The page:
Monday, January 2, 2012

New study of Western Isles' sand dune-buried artefacts

New research is being carried out on artefacts recovered from a site where evidence was found for every age from the Neolithic to the 20th Century.

Archaeology at Udal provides an "unbroken timeline" of occupation from the Neolithic, Bronze Age, Iron Age, Viking, Medieval through to the 1900s.

Some of the evidence at the site on North Uist was preserved by wind-blown sand dunes.

Archaeologist Ian Crawford excavated Udal between 1963 and 1995.

The earliest Neolithic layers he revealed consisted of a line of stones with a large upright stone nicknamed the great auk stone because of its resemblance to the extinct seabird.

A deep shaft containing quartz pebbles which had been covered over with a whale's vertebrae was also uncovered.

From the Bronze Age, finds included a skeleton and from the Iron Age evidence of metal work.

Also from the Iron Age were the remains of homes dubbed Jelly Baby houses because the shape of them looked like the sweets.

Evidence of a Viking longhouse and later occupation during the 1600s through to the 18th and 19th centuries were also found.

From the early 20th Century was a saw pit for cutting up wrecked boats.

Crawford's collection is in the care of Western Isles local authority, Comhairle nan Eilean Siar.

The comhairle believes the site on the Grenitote peninsula to be one of the most important of its kind in the world.

It said the preservation of relics by being buried under sand was rare outside of the Middle East.

The comhairle has received £85,000 from the Museum Association's Esmee Fairbairn Collections Fund to carry out the most complete post-excavation research to be done so far on the site and its finds.

Historic Scotland is assisting with the study.

Money from the grant will also be used to investigate the potential for an archaeological resource centre on North Uist.

Councillor Archie Campbell said the £85,000 grant would help islanders and the comhairle achieve a vision.

He said: "The local community has been waiting nearly 50 years to learn about what was discovered beneath the sand dunes and to see the finds for themselves.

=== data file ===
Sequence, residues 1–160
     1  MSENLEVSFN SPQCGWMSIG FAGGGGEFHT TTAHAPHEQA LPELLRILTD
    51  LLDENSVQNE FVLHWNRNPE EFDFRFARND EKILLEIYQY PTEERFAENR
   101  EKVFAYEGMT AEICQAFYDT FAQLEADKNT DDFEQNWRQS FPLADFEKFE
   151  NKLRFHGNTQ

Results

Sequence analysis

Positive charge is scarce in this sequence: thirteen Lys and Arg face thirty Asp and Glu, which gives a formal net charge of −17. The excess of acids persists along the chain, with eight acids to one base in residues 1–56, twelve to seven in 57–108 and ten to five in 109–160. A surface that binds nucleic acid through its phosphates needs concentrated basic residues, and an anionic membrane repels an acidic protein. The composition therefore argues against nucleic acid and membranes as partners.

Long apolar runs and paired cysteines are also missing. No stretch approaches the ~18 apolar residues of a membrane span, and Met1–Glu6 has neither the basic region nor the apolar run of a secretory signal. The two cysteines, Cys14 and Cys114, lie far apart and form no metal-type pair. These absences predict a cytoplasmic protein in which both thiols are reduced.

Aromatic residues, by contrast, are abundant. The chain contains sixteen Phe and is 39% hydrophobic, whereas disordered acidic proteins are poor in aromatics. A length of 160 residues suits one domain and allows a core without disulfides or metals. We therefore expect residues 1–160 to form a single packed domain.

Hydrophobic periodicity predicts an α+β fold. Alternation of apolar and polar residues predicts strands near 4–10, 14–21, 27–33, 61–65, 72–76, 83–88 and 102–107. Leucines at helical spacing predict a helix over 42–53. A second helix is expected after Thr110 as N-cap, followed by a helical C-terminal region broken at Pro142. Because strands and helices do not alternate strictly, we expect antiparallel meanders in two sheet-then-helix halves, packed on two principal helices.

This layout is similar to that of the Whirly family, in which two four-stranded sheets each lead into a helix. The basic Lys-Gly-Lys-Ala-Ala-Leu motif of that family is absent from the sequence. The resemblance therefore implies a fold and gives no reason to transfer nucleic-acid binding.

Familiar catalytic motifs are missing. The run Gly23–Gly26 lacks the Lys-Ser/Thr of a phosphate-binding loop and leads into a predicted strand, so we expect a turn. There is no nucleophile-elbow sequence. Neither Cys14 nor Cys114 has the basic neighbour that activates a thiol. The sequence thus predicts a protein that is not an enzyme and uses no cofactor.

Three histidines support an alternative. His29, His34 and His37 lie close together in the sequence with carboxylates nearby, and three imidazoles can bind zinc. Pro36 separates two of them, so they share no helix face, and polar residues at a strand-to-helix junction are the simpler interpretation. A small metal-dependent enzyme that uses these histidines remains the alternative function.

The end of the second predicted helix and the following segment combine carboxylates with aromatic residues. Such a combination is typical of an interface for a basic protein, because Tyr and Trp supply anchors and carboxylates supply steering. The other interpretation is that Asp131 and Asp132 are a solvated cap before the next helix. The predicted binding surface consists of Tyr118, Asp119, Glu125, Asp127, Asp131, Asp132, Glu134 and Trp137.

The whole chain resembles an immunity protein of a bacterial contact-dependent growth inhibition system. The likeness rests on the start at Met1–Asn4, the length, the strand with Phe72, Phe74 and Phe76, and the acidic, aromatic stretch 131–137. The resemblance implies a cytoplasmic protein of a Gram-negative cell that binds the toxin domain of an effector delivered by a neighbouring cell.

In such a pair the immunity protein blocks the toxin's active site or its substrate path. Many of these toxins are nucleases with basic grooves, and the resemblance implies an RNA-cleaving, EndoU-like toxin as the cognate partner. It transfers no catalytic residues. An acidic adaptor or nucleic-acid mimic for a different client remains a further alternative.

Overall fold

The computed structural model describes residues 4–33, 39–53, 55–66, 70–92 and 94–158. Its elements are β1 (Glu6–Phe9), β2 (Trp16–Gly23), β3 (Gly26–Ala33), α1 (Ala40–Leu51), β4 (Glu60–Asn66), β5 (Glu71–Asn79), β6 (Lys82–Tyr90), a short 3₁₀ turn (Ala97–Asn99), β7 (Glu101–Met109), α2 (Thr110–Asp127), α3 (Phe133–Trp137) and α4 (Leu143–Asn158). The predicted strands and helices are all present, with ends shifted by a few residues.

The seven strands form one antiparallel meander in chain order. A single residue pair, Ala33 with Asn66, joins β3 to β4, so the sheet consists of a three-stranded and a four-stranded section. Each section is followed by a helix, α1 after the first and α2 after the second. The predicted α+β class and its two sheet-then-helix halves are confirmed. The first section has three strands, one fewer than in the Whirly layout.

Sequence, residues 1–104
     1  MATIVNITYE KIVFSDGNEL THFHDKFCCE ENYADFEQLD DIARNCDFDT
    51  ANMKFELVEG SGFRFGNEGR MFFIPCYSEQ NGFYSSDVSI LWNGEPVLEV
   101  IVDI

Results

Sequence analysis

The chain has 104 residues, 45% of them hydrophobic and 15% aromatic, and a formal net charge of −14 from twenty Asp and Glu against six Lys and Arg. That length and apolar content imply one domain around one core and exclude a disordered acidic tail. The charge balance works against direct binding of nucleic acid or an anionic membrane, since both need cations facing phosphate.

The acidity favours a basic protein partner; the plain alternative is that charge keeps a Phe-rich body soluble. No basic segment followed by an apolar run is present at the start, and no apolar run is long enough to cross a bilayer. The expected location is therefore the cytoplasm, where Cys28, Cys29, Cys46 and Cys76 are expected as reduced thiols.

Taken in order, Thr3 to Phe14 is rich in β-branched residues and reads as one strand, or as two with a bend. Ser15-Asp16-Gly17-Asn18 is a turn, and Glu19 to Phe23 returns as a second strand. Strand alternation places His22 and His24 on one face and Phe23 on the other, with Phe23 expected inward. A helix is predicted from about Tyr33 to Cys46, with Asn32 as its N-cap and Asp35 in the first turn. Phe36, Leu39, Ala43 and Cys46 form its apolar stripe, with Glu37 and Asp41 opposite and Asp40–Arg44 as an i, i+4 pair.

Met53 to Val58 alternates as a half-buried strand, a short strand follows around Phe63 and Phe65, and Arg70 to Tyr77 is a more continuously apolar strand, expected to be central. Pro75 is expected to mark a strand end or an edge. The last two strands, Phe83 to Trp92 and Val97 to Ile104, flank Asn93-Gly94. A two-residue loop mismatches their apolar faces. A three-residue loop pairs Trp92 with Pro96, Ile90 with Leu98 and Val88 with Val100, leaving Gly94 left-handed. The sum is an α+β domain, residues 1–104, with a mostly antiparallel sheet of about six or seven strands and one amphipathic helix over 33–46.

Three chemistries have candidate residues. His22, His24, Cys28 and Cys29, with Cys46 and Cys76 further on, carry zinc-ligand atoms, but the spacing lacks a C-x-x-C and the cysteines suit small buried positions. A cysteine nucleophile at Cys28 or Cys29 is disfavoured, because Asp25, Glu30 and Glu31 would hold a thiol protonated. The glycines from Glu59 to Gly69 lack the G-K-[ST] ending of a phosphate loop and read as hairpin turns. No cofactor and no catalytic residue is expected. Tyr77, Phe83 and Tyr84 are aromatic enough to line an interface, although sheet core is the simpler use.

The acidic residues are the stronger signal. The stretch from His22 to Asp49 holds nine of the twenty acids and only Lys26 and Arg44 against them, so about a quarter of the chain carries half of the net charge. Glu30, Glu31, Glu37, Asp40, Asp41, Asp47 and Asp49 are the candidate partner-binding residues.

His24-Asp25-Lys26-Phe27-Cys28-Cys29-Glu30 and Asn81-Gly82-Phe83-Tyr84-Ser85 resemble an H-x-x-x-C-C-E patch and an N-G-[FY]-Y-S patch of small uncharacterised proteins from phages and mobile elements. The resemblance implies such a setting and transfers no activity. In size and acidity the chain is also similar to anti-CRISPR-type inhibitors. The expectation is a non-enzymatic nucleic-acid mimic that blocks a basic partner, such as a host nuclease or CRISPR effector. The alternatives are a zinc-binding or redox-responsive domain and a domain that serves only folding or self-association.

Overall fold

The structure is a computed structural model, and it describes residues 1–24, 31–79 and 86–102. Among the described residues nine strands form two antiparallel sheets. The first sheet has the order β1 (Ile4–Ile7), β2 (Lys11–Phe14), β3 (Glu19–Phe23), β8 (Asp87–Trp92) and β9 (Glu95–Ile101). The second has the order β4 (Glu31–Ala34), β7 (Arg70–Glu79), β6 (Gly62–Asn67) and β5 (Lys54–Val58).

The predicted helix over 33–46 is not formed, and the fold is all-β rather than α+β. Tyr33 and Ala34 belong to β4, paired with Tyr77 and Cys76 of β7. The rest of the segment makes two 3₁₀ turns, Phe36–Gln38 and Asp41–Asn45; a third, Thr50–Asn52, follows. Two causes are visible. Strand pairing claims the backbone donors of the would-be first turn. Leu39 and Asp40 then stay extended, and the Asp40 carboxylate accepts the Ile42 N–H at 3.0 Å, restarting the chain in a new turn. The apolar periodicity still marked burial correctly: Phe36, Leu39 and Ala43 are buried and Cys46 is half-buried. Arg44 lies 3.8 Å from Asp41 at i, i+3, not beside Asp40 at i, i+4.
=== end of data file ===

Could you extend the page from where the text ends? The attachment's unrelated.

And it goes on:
"Long before the material was released by Ian Crawford the community made it clear that their wish was for the collections to be returned to the islands on a permanent basis.

"This grant will go towards achieving that vision by funding a feasibility study into the potential of the Udal collections as the basis for an archaeological resource centre and the impact it would have on the islands' economy."

Deborah Anderson, regional archaeologist with the comhairle, welcomed the funding towards better understanding the collection.

She said: "This is an assemblage which is not just important to the Outer Hebrides but which is essential to help date other collections from the west coast of Scotland and Ireland.

"The local community will no doubt be thrilled that we have received this grant, and we are one step closer to understanding what was discovered beneath the sand dunes."

BBC News. 2012. "New study of Western Isles' sand dune-buried artefacts". BBC News. Posted: December 6 2011. Available online:

1 comment:

annh said...

I dont know if you are who I want this message to go to. I just watched on tv an older program of Timeline. they were digging in the Hebrides and I think Barr was mentioned. they found two round houses and a wheelhouse and lots of grave sites talking iron age and bronze age they found a whale bone in the wheel house. pottery decorated using ends of small bones and they tried to re-create a kiln using peat to burn as there was no wood available where the children from the local school placed some pottery in to it. Why I am placing a comment is regarding the lady that was burried on her right side, a comment was made that women were buried on the right side and Men on their left. and they were summising the reason..I think I know the reason....They would have been more aware of how things happened around them back then ...not as many distractions as there are these days.....check with men and women today and you will find most women sleep on their right side and most men sleep on their left side...this would have been happening back then as well. we all have a favorite side to be on. all my family do this and I have worked as a nurse and unless theere was a reason the favorite side wasnt used due to illness I have seen most men sleep on their left side and most women sleep on their right side. So I would presume when buried you would place a person as they prefered to sleep (for the long sleep of death) hope you take this into account. Regards Ann Heaneay from Moe Victoria Australia please pass my comment to the relevant group if it isnt your group.